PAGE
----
Now a damning report says that historians 'will not be kind in their assessment of the coalition government’s record on NHS reform'.
We recall the promise that the NHS was 'safe' in Tory hands and that there would be 'no top down reorganisation'. The history seeks for itself. Not only has there been reorganisation, it has at best been fragmented and disjointed.
The new report highlights some positive developments as a result of the Act including closer involvement of GPs in commissioning services, giving local authorities responsibility for public health and the establishment of health and wellbeing boards. However, it criticises the decision to implement complex organisational changes at a time when the NHS should have been focused on tackling growing pressures on services and an unprecedented funding squeeze.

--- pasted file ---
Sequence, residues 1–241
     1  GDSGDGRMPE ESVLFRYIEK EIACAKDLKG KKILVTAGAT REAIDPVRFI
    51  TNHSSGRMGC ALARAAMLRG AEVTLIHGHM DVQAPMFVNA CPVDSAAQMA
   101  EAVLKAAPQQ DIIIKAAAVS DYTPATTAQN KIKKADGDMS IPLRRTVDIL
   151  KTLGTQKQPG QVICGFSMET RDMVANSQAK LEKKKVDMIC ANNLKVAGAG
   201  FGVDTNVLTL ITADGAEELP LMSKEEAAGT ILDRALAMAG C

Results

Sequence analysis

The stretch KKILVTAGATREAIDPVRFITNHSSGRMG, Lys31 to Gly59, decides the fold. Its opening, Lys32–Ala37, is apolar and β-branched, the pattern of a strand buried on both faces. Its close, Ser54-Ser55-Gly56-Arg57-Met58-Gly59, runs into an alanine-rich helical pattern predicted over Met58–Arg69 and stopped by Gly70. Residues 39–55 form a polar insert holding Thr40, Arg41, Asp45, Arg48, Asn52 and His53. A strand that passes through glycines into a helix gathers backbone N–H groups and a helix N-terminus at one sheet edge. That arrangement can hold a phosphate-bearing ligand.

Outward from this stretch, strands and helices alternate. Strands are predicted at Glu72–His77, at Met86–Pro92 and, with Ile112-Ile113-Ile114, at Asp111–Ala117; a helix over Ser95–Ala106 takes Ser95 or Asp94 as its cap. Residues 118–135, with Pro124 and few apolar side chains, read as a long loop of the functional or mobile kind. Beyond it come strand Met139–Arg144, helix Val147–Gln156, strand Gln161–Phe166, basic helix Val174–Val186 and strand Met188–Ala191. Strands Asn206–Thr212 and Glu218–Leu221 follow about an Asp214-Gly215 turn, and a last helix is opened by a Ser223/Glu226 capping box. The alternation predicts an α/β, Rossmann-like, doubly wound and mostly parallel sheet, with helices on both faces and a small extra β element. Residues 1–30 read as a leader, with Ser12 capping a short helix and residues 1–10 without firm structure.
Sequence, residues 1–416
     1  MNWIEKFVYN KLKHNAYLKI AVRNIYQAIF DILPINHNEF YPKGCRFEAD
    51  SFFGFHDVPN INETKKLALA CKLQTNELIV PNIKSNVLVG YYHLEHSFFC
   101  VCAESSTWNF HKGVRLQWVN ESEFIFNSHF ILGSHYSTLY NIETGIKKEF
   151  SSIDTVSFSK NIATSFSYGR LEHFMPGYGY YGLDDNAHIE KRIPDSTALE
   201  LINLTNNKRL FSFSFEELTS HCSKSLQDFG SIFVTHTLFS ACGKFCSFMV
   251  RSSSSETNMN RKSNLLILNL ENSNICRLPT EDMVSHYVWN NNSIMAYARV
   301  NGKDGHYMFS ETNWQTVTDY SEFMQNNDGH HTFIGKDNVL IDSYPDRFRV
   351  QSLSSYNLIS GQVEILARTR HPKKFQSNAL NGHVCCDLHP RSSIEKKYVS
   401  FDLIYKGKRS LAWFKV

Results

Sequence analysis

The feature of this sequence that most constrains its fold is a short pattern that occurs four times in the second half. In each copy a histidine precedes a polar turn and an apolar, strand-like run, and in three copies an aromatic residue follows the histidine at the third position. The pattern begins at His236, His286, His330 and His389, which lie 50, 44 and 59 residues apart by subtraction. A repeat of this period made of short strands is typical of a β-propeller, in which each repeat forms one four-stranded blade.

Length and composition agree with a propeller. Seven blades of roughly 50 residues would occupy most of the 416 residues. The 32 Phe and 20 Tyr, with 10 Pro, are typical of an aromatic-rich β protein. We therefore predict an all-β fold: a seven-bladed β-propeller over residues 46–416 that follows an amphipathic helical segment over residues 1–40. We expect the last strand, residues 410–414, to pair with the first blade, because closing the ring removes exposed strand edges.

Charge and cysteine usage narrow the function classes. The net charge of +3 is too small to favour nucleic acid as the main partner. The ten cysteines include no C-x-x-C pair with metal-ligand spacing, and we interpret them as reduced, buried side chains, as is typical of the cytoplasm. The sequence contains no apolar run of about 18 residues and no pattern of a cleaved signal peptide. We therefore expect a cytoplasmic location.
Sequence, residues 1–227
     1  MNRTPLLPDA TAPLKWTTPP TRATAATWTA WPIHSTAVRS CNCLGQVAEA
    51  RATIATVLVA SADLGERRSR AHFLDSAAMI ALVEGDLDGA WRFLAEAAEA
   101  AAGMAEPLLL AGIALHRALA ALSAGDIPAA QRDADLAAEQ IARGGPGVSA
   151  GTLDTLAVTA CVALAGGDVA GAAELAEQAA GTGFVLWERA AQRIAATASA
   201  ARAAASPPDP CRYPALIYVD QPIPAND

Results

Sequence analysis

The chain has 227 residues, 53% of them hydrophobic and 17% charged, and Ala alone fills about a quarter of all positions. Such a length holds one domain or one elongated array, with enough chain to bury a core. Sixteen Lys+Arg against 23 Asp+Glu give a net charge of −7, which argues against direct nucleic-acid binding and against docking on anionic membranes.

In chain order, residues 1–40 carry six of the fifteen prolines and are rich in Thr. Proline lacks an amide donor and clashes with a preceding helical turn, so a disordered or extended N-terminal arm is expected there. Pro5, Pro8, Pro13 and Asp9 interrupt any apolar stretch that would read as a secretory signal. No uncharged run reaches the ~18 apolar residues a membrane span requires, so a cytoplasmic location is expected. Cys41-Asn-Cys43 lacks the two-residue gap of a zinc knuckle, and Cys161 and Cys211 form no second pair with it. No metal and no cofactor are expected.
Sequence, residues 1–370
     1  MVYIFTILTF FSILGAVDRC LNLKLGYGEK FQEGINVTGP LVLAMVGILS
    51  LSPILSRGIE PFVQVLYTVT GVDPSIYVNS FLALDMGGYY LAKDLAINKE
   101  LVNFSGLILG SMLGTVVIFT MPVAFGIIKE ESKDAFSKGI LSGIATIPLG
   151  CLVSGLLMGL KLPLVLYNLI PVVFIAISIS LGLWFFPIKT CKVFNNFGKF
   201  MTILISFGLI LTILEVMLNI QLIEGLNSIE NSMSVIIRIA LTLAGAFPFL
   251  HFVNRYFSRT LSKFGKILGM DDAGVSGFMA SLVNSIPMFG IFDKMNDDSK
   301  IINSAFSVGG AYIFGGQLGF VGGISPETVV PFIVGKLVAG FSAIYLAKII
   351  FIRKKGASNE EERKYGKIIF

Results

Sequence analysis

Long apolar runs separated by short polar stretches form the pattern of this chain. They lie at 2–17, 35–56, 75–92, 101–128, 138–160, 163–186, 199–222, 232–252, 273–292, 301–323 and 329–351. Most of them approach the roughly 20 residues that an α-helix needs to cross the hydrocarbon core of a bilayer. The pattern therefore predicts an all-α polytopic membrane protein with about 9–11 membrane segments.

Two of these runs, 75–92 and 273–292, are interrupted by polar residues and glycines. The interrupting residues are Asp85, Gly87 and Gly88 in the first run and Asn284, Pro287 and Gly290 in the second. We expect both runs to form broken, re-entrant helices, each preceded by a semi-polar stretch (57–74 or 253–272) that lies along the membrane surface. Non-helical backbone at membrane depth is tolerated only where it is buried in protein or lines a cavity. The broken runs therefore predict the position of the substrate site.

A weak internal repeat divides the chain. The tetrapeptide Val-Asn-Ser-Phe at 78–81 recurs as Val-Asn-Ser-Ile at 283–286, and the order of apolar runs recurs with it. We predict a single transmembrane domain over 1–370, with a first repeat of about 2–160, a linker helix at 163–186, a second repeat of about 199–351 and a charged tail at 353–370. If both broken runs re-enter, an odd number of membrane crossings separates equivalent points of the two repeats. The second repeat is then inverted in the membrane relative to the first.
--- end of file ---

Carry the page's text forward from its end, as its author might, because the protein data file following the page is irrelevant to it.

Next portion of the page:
The changes have left the NHS organisation fragmented and without clear leadership. Dispersing budgets formerly held by Primary Care Trusts between Commissioning Groups, NHS England and local authorities has created a situation where there are no longer single population-based budgets for health care. At a time when it is more crucial to develop coordinated health and social care this has been counterproductive.
The coalition has left the NHS poorly funded, fragmented and unfit to meet the demands of coordinated health and social care.
Read Ray'a Novel: It wasn't always late summer